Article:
Anxious to exhibit their social success, envious of the neighbors' standard of living, Americans have confused "desire" and "need." And they've treated themselves to their dreams ... on credit. At present, gross domestic product (GDP) is over 73 percent dependent on household consumption and the real savings rate has dropped below one percent. Unheard of since the Great Depression. Excessive consumption has settled in, encouraged by an administration that set a bad example. Governments and regulators found no fault with that. "Since the end of the 1970's, financial lobbies have taken over Washington. They pushed deregulation and blocked everything that could have constrained their expansion," recalls Professor Robert Manning.
Like unscrupulous "pushers," financial establishments consistently and unethically sold their "junk" to the most vulnerable populations: immigrants, seniors, students. For example? Public Interest Research Group has been fighting for years to stop banks' "predatory" tactics in public universities. "Excessive and costly credit card debt has aggravated students' problems while they were already penalized by increases in tuition cost," this association recently testified before Congress. Banks, which maintain open tables on campuses, attract students with free T-shirts, Frisbees, pizzas and sodas. They make agreements with alumni associations and have even signed contracts with several schools, including the University of Illinois. In exchange for royalties, these universities supply them with confidential information about their students.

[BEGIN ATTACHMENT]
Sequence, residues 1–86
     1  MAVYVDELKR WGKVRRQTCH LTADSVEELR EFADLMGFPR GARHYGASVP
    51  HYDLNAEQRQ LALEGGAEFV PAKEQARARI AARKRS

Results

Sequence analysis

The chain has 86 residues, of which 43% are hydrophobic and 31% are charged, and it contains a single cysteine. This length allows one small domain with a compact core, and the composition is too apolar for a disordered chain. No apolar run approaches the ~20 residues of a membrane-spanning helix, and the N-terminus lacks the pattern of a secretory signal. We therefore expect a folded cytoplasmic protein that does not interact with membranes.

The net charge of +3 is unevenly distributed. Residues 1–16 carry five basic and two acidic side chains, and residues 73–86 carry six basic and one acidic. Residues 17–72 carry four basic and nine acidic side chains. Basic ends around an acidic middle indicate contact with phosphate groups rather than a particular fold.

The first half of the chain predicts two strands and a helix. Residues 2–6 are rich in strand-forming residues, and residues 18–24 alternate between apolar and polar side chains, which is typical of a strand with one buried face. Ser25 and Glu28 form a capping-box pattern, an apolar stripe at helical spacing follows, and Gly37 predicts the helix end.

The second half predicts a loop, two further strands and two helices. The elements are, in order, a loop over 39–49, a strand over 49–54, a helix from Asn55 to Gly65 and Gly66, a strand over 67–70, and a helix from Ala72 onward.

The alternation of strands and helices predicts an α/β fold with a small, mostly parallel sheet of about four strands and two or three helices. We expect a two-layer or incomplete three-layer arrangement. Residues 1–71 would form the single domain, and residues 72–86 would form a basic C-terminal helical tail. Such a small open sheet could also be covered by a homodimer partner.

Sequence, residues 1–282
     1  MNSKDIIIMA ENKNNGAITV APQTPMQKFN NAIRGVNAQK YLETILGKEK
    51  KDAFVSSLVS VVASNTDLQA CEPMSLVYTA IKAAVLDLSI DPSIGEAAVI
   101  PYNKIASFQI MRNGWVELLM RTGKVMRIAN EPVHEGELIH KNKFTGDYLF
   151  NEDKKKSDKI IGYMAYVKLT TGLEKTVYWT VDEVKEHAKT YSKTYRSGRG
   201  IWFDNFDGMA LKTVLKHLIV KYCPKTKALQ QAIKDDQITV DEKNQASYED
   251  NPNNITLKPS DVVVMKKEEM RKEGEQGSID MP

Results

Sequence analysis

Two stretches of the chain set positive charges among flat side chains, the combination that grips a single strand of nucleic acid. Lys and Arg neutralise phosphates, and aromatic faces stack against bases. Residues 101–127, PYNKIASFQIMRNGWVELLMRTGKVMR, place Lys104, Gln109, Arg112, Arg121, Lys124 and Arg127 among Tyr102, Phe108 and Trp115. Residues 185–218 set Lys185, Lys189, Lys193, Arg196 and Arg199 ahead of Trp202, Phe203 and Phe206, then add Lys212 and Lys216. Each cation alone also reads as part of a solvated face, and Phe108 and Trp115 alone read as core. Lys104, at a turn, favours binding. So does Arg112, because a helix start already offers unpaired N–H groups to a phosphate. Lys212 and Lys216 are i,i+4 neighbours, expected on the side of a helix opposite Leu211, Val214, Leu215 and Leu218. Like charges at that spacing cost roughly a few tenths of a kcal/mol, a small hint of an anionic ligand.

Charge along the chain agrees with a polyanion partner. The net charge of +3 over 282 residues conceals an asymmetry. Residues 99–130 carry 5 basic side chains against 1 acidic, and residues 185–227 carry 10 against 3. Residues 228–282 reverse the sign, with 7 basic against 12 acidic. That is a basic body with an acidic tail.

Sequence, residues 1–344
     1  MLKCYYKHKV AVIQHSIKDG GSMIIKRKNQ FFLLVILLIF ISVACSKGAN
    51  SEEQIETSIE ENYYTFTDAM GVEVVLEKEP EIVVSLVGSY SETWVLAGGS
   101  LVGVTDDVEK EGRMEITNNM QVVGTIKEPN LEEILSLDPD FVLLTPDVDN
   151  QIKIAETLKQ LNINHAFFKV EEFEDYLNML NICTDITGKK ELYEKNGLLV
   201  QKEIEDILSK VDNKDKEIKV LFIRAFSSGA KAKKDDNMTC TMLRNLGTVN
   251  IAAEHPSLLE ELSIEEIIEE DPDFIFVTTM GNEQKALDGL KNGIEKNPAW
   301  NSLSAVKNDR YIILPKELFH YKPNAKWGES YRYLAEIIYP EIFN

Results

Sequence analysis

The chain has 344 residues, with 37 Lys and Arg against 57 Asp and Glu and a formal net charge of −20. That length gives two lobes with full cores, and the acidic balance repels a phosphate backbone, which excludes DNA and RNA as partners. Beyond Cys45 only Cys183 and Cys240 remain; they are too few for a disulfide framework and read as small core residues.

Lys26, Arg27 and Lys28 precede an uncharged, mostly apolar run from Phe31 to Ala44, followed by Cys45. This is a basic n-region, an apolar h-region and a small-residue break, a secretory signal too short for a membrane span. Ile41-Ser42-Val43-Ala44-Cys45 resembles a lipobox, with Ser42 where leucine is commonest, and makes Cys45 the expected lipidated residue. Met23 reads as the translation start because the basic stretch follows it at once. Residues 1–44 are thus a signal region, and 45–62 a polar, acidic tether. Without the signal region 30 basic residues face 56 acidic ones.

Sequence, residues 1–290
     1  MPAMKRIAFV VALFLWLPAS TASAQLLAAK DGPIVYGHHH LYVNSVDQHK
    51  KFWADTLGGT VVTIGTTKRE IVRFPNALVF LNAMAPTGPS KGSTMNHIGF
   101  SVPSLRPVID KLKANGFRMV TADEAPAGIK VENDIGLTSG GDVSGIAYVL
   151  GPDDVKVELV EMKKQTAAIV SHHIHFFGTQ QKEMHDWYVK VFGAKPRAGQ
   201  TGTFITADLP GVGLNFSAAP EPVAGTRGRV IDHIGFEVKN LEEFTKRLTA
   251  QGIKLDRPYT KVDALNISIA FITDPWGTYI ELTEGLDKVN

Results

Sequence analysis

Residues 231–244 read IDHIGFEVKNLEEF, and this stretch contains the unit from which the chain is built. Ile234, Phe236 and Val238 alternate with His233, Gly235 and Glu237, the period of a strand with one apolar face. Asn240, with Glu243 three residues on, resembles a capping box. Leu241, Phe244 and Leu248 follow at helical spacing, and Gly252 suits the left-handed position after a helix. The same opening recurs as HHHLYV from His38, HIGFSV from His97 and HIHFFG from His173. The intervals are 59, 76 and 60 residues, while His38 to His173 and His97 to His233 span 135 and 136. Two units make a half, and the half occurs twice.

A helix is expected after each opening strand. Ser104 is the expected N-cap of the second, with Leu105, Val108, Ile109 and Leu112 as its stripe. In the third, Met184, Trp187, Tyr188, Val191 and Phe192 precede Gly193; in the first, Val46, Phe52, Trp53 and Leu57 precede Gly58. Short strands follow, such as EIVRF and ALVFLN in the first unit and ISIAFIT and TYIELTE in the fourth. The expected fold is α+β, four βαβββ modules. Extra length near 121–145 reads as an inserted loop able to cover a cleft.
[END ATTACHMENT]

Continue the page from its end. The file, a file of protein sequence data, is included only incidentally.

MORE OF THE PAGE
Today, the return to earth is brutal. Not only are financial establishments soft-pedaling their marketing, but they are also turning the screws on their clients. They are unilaterally lowering borrowing limits and canceling inactive cards. Above all, creditors are severely sanctioning all unmet payment deadlines with heavy late fees or increases in interest rates, which can rise savagely from nine to 24 percent, even 39 percent! That risks aggravating default chances still further.